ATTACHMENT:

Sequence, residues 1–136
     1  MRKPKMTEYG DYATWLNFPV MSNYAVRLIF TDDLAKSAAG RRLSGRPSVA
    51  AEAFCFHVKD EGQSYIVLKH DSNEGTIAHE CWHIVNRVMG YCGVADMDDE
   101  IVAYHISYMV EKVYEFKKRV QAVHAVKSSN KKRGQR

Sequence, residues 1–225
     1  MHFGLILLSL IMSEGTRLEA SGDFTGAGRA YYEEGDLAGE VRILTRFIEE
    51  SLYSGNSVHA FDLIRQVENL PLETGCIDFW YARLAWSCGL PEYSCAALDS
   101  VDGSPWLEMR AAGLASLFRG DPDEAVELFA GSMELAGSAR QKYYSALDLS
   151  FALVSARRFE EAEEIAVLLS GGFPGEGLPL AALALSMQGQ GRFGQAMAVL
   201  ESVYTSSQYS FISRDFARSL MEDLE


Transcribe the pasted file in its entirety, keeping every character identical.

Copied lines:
Sequence, residues 1–136
     1  MRKPKMTEYG DYATWLNFPV MSNYAVRLIF TDDLAKSAAG RRLSGRPSVA
    51  AEAFCFHVKD EGQSYIVLKH DSNEGTIAHE CWHIVNRVMG YCGVADMDDE
   101  IVAYHISYMV EKVYEFKKRV QAVHAVKSSN KKRGQR

Sequence, residues 1–225
     1  MHFGLILLSL IMSEGTRLEA SGDFTGAGRA YYEEGDLAGE VRILTRFIEE
    51  SLYSGNSVHA FDLIRQVENL PLETGCIDFW YARLAWSCGL PEYSCAALDS
   101  VDGSPWLEMR AAGLASLFRG DPDEAVELFA GSMELAGSAR QKYYSALDLS
   151  FALVSARRFE EAEEIAVLLS GGFPGEGLPL AALALSMQGQ GRFGQAMAVL
   201  ESVYTSSQYS FISRDFARSL MEDLE